Newly Launched Fitness Line Draws From Ancient Inspiration
Spirituality and social consciousness inspired two Drexel seniors to create Chakra Fitwear — a line of workout apparel that’s more than meets the eye.
November 24, 2014
by Zach Epstein
In Hindu tradition, there are seven major chakras throughout the body — energy points that, when properly balanced, contribute to spiritual well being. This serenity, you’d think, is more likely achieved in a place of worship, or perhaps a yoga studio — not a bustling, intensive boot camp for aspiring entrepreneurs more focused on their business plans than on their breathing.
But for two Drexel seniors, this is exactly where their chakras found perfect alignment.
In May 2014, Ashley Revay and Erin Moffitt started kicking around a business idea. The friends and fitness aficionados — both students at Drexel’s LeBow College of Business — were tired of compromising on their workout apparel.
“I was just really sick of paying an extraordinary amount of money for a brand name, or getting something really cheap. There has to be a way to do something better,” Moffitt says.
What began as a casual discussion about creating their own line of fitness wear soon got serious. Looking to build on what they’d learned in the Close School’s Launch It! course, which Revay had taken that spring, they attended the Philadelphia Lean Startup Machine.
“Lean Startup really just accelerated everything,” Moffitt says. “In that one weekend, we were able to validate everything we were doing.”
The duo entered the workshop, which was co-sponsored by the Close School, with the idea of starting a comprehensive apparel line — one they quickly scrapped in favor of something smaller and more streamlined.
“A big thing was narrowing down what we wanted to focus on,” Revay says. “Learning from Launch It!, you need to have a minimum viable product and go from there.”
They settled on leggings, but remained devoted to another concept they couldn’t eschew, even as a fledgling business: a commitment to the triple bottom line.
Revay had seen tee shirts made from recycled plastic bottles, and suggested to Moffitt that they produce their apparel from the same material. The partners agreed, and now, just a few months after their discussion about the lack of quality, affordable workout apparel, Chakra Fitwear is poised to be the solution.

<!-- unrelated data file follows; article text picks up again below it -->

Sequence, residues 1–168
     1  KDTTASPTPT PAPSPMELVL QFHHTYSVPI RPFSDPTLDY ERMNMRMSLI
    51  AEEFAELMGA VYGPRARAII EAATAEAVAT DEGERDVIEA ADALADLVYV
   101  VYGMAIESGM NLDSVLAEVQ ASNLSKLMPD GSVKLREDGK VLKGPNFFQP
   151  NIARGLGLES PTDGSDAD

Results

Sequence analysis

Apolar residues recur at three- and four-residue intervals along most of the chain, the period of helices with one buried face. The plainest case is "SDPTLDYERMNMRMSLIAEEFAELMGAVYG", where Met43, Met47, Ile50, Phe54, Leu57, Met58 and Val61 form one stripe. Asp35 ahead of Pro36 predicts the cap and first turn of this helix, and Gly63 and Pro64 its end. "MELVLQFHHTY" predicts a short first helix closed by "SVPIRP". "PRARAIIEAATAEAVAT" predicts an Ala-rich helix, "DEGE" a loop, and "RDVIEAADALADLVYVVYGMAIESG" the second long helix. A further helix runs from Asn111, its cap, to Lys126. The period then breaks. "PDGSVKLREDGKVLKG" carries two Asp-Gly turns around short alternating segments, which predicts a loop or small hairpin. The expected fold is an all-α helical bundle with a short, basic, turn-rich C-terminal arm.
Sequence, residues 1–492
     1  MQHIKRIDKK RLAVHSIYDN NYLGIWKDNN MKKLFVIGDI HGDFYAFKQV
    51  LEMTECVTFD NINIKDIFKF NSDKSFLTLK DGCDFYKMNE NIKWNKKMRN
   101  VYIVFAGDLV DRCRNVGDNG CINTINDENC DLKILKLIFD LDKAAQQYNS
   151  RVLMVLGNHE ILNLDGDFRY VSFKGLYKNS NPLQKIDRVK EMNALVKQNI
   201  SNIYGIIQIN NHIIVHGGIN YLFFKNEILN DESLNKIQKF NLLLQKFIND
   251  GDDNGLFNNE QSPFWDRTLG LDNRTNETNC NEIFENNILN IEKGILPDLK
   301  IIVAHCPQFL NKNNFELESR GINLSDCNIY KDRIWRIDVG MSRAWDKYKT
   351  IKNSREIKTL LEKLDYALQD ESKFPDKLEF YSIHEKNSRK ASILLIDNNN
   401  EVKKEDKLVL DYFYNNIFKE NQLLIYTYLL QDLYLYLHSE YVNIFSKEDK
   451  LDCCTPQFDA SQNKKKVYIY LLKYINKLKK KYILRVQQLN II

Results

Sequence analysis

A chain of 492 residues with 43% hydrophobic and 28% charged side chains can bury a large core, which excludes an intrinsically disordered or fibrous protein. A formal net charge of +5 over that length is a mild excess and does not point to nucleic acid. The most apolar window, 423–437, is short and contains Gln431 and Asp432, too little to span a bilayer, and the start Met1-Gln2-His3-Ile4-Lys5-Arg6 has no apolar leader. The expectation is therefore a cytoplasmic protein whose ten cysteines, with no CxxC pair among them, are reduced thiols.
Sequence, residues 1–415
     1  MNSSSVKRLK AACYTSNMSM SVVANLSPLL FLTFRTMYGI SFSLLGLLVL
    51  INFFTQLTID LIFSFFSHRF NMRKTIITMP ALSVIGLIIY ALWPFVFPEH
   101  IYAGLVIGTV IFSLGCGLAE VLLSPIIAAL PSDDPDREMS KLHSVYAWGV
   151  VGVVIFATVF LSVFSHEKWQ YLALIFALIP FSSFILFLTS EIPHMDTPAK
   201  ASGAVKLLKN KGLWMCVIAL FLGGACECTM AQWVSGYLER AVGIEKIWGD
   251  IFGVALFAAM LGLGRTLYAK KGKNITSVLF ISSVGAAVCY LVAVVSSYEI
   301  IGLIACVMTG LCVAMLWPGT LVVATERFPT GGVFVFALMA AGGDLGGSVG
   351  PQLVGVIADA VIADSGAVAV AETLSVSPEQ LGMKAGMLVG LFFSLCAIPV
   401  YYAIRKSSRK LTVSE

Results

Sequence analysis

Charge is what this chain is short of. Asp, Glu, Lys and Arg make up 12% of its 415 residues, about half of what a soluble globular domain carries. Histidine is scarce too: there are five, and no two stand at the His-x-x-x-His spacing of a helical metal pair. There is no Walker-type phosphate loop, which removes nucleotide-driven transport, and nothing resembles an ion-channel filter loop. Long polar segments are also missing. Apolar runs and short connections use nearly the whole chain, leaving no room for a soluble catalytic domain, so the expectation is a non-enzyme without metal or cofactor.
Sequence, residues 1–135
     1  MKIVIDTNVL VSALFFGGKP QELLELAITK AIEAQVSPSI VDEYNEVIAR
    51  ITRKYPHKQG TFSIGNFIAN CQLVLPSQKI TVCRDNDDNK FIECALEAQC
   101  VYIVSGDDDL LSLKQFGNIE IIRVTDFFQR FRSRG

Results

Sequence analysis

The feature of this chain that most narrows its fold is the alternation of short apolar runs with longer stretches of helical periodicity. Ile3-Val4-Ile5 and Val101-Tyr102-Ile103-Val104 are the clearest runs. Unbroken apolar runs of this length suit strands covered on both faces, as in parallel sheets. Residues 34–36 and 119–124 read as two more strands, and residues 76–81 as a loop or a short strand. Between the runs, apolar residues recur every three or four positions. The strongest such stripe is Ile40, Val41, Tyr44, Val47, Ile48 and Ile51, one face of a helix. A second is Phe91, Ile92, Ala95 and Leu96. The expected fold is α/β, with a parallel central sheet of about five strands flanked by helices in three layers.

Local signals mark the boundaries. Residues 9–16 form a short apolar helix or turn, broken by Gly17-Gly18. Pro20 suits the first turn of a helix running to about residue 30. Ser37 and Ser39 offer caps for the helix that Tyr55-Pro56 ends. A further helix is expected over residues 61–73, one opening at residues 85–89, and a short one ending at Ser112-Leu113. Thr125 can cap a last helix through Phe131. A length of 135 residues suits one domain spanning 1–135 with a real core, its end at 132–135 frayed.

A Leg Up on Kickstarter
The company launched its official Kickstarter campaign last week, looking to raise $80,000 for an initial run of leggings. Most of that capital will cover manufacturing costs. The raw material is harvested in Seattle, sent to Guatemala for assembly, shipped back to Seattle for final touches, and flown to New York for printing. The fibers, sourced from recycled bottles, will account for 90 percent of the wearable material, with spandex filling out the ensemble.
The leggings will also be digitally printed, which uses less water and fewer toxins than screen-printing.
They chose Chakra as their name, Moffitt says, because of their focus on a “very positive, balanced lifestyle.” Keeping in line with this ethos, their first run of leggings feature “a very yogic aesthetic.”
Designed by Calla Michaelides, a senior in Drexel’s Westphal College, the attire’s look is inspired by Hinduism and evokes a distinct and colorful spirit.
“Nobody else is going to have something like this,” Moffitt says.
Though their commitment to both profit and purpose is demonstrated in their manufacturing choices, Revay and Moffit knew they wanted to do even more. That’s why they’ve partnered with the Kasiisi Project in Uganda to create an education-through-athletics program for girls in the seven schools Kasiisi supports.
“We’re going to fund specific projects. Our first project is implementing netball courts, so the girls have a place to be able to play competitive, organized sports,” Revay says.
Chakra plans to feature real-time goal tracking on their website, so customers can see exactly what their purchases are helping to fund, and how much more Chakra must raise to support each project.
As they’ve learned through Launch It! and the Lean Startup Machine, Revay and Moffit know to pace their launch one step at a time. So for now, Chakra is focusing on their Kickstarter campaign and spreading the word about their innovative approach to workout wear. They sponsored a booth at last weekend’s Philadelphia Marathon and are partnering with local fitness centers for promotional and fundraising events.
Moffitt also plans to take Launch It! when it is next offered. But their goals remain lofty. “We want to go beyond being eco-friendly,” she says, “and use this as a platform to help people.”